Land Law, Equity and Trusts, Family Property (including the Rights and Duties of Cohabitants).
My research work covers three main areas: equity and trusts, family property and the law of real property. My approach is
primarily doctrinal, with a strong comparative dimension. I have broadened my focus in more recent years, to include a consideration
of law reform and related policy issues. I have also begun to concern myself more with legal history in my areas of interest.
An early influential work of mine is The Property Rights of Cohabitees: An Analysis of Equity's Response in Five Common Law
Jurisdictions (Hart, 1999). This comparative work was reviewed in fourteen journals. A flavour of the reviews is provided
by the following extracts: 'a major advance in the literature on cohabitants' property rights' (Elizabeth Kingdom, Edinburgh
Law Review);'an excellent book, thoroughly researched, carefully thought out, and forcefully argued' (Charles Mitchell, King's
College Law Journal); 'a thoroughly worthwhile study ... powerfully argued, engagingly written' (Jo-Ellen Riley Australian
Journal of Family Law); 'a devastating critique ... Mee's demolition of the application of equitable doctrines to the problem
of cohabitation in five jurisdictions is a tour de force' (John Stevens, Restitution Law Review); 'beautifully written ...
informed, reflective and perceptive' (Inge Clissman SC, Conveyancing and Property Law Journal); 'a valuable and lasting contribution
to the literature on the subject' (Robert Chambers, Dublin University Law Journal); 'an essential acquisition for university
libraries' (J Priestly QC, New Zealand Universities Law Review). Also in the equity field, I have published a series of articles
in relation to undue influence and third parties, including a frequently cited piece in the 1995 Cambridge Law Journal, and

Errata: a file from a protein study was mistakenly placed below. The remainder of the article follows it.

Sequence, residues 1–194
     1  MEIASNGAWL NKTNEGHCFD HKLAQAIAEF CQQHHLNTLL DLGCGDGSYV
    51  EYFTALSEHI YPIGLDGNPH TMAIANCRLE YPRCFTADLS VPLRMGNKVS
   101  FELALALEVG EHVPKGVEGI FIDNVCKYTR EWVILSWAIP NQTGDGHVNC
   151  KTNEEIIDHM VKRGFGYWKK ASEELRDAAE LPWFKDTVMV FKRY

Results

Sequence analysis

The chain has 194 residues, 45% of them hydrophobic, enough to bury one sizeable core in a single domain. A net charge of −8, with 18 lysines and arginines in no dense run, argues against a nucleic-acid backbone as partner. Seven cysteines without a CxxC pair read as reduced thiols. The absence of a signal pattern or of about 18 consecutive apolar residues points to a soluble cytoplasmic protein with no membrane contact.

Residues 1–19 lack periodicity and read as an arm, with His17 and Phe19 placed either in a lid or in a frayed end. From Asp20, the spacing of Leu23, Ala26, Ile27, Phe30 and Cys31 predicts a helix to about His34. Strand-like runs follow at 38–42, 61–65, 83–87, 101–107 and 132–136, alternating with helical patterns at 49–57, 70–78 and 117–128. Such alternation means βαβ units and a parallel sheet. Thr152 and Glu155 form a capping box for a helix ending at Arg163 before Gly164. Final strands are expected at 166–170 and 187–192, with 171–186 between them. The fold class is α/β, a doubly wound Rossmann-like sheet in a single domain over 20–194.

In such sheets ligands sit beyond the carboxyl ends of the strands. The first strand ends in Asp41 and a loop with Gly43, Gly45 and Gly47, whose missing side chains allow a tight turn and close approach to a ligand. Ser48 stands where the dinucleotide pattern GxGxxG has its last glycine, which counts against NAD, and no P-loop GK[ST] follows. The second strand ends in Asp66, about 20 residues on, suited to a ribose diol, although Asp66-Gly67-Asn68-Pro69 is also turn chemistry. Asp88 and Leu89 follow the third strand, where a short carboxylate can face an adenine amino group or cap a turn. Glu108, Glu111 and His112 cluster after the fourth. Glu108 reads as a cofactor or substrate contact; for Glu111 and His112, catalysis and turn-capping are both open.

more recently a number of chapters in high quality edited collections related to estoppel, constructive and resulting trusts
(including the history of resulting trusts).
As one of a relatively small number of scholars working in my areas in Ireland, there is a strong imperative for me to engage
with the Irish legal system and with the question of law reform in Ireland. A substantial part of my output in recent years
has responded to a recent initiative to modernise the whole system of land law in Ireland (which culminated in the enactment
of the Land and Conveyancing Law Reform Act 2009). The importance of this process for the Irish legal system has led me to
consider a range of different aspects of land law, including issues relating to covenants, easements and profits, words of
limitation, fee tails, priorities, co-ownership and perpetuities. The resulting articles have had considerable impact in terms
of triggering modifications to the proposals of the Irish Law Reform Commission and to the final terms of the 2009 Act. Coincidentally,
a reform process has also taken place in Ireland in relation to another of my primary research interests, the property rights
of cohabitants, leading to the Civil Partnership and Certain Rights and Obligations of Cohabitants Act 2010. I worked also
to try to improve the relevant law reform proposals and a number of my publications contributed to the modification of the
original Bill as it progressed through parliament (e.g. in terms of a major overhaul of the succession provisions in relation